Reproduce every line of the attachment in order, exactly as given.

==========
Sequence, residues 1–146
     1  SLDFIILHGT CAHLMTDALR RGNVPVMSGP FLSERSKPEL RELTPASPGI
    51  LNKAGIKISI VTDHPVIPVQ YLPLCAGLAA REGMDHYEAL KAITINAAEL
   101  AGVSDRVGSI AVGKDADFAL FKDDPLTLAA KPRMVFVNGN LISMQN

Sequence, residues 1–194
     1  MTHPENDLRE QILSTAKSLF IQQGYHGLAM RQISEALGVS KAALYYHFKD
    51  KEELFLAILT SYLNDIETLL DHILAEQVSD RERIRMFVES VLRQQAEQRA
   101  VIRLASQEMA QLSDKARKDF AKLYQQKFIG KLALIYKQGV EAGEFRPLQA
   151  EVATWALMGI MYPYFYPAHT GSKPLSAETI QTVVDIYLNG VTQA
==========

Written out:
Sequence, residues 1–146
     1  SLDFIILHGT CAHLMTDALR RGNVPVMSGP FLSERSKPEL RELTPASPGI
    51  LNKAGIKISI VTDHPVIPVQ YLPLCAGLAA REGMDHYEAL KAITINAAEL
   101  AGVSDRVGSI AVGKDADFAL FKDDPLTLAA KPRMVFVNGN LISMQN

Sequence, residues 1–194
     1  MTHPENDLRE QILSTAKSLF IQQGYHGLAM RQISEALGVS KAALYYHFKD
    51  KEELFLAILT SYLNDIETLL DHILAEQVSD RERIRMFVES VLRQQAEQRA
   101  VIRLASQEMA QLSDKARKDF AKLYQQKFIG KLALIYKQGV EAGEFRPLQA
   151  EVATWALMGI MYPYFYPAHT GSKPLSAETI QTVVDIYLNG VTQA